The choice depends on the instantiation of `entity0'

tells you where you need to remove the ambiguity, specifically that you need to give more information about what entity0 should be. You can give some type annotations to help things out.

First, define branch as

type BranchTable entity = Table (RecCons (Revision entity) (Expr (Revision entity)) RecNil)
branch :: BrancTable entity
branch = baseTable "branch" $ hdbMakeEntry undefined

and then change masterHead to read

masterHead :: Query (Rel (RecCons (Revision Book) (Expr (Revision Book)) RecNil))
masterHead = do
  revisions <- table bookRevision
  branches <- table (branch :: BranchTable Book)
  restrict $ revisions ! revIdField .==. branches ! revIdField
  return revisions

Note the type annotation applied to branch: branch :: BranchTable Book which serves to remove the ambiguity that was causing the type error.

To make masterHead applicable to anything with a Revision e field in it, you can use this definition:

masterHead :: (ShowRecRow r, HasField (Revision e) r) => Table r -> e -> Query (Rel r)
masterHead revTable et =
  do  revisions <- table revTable
      branches <- table branch'
      restrict $ revisions ! revIdField' .==. branches ! revIdField'
      return revisions
  where (branch', revIdField') = revBundle revTable et
        revBundle :: HasField (Revision e) r => Table r -> e -> (BranchTable e, Attr (Revision e) (Revision e))
        revBundle table et = (branch, revIdField)

The et argument is needed to specify what the e type should be and can just be undefined ascribed to the proper type as in

masterHead bookRevision (undefined :: Book)

which generates the SQL

SELECT rev_id1 as rev_id
FROM (SELECT rev_id as rev_id2
      FROM branch as T1) as T1,
     (SELECT rev_id as rev_id1
      FROM book_revision as T1) as T2
WHERE rev_id1 = rev_id2

this does require FlexibleContexts though, but it can be applied to the asker's module without recompiling HaskellDB.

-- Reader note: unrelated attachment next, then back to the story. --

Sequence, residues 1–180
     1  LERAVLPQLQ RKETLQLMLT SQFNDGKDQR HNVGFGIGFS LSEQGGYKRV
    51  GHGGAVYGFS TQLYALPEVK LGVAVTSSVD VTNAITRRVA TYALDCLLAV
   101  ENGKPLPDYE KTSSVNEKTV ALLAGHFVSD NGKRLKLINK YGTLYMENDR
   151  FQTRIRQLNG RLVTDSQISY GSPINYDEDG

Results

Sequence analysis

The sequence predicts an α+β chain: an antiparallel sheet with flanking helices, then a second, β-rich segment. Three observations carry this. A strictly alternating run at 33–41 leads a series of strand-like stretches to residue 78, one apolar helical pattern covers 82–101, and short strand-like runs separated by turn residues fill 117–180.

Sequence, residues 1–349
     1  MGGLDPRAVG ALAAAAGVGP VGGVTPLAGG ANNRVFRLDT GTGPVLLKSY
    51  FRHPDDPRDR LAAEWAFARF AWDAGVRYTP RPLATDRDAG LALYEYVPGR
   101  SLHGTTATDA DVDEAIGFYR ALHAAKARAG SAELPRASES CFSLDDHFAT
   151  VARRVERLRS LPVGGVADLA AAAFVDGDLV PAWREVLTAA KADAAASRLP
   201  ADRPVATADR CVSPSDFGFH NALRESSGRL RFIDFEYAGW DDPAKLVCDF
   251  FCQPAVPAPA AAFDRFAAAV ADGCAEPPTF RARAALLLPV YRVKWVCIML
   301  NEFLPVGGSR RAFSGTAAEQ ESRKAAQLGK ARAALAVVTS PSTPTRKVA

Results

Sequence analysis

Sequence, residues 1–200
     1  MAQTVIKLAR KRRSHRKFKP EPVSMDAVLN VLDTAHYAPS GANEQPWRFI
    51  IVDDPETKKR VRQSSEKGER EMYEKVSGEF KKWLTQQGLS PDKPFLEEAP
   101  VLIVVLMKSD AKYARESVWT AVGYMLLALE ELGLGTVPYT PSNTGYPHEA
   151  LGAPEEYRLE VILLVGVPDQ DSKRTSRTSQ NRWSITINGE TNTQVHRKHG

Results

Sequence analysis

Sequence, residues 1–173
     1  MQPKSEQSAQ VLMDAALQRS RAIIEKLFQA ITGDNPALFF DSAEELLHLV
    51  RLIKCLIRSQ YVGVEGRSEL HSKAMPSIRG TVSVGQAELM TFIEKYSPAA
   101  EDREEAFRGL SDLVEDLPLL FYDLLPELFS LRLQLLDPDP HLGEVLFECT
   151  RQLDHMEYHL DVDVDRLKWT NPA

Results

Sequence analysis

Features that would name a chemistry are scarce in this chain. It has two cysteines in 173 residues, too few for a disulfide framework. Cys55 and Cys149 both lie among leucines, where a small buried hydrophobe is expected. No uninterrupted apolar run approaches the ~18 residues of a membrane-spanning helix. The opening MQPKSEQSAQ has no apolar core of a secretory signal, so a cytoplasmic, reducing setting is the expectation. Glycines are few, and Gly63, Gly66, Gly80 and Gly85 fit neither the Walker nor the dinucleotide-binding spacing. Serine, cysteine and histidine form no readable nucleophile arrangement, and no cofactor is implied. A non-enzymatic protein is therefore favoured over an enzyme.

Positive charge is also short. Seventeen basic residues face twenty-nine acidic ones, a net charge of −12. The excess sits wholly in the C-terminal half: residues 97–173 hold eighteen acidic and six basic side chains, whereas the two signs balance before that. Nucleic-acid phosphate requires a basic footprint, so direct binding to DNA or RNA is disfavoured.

• Not too late at all! This is simply some interesting hobby work, so there are no deadlines :) However, this doesn't seem to solve the problem. I don't want to define masterHead in terms of book as it's intended to be polymorphic on the entity type. There are other entities that also have masterHead (publishers, editions). The crux of this is that these entities types are intended to be defined outside the package with masterHead, as the masterHead stuff is to be provided from a basic in-house framework. – ocharles Jul 9 '12 at 11:56
  • @ocharles, so you want masterHead to take a parameter of the base table instead of using specifically bookRevision? – Geoff Reedy Jul 9 '12 at 14:51
  • Ok, looked again - yea, masterHead is also parametric because those other types also have the idea of 'masterHead'. I think what I also wanted was to do this without having to pass extra types in. It's the act of using masterHead in a larger equation which will finally determine its type. – ocharles Jul 10 '12 at 14:49
  • @ocharles, I think it is likely there is no way to do it without informing masterHead of the entity type in some way. There are a few more tricks that could be tried though, perhaps an existential type. – Geoff Reedy Jul 10 '12 at 15:46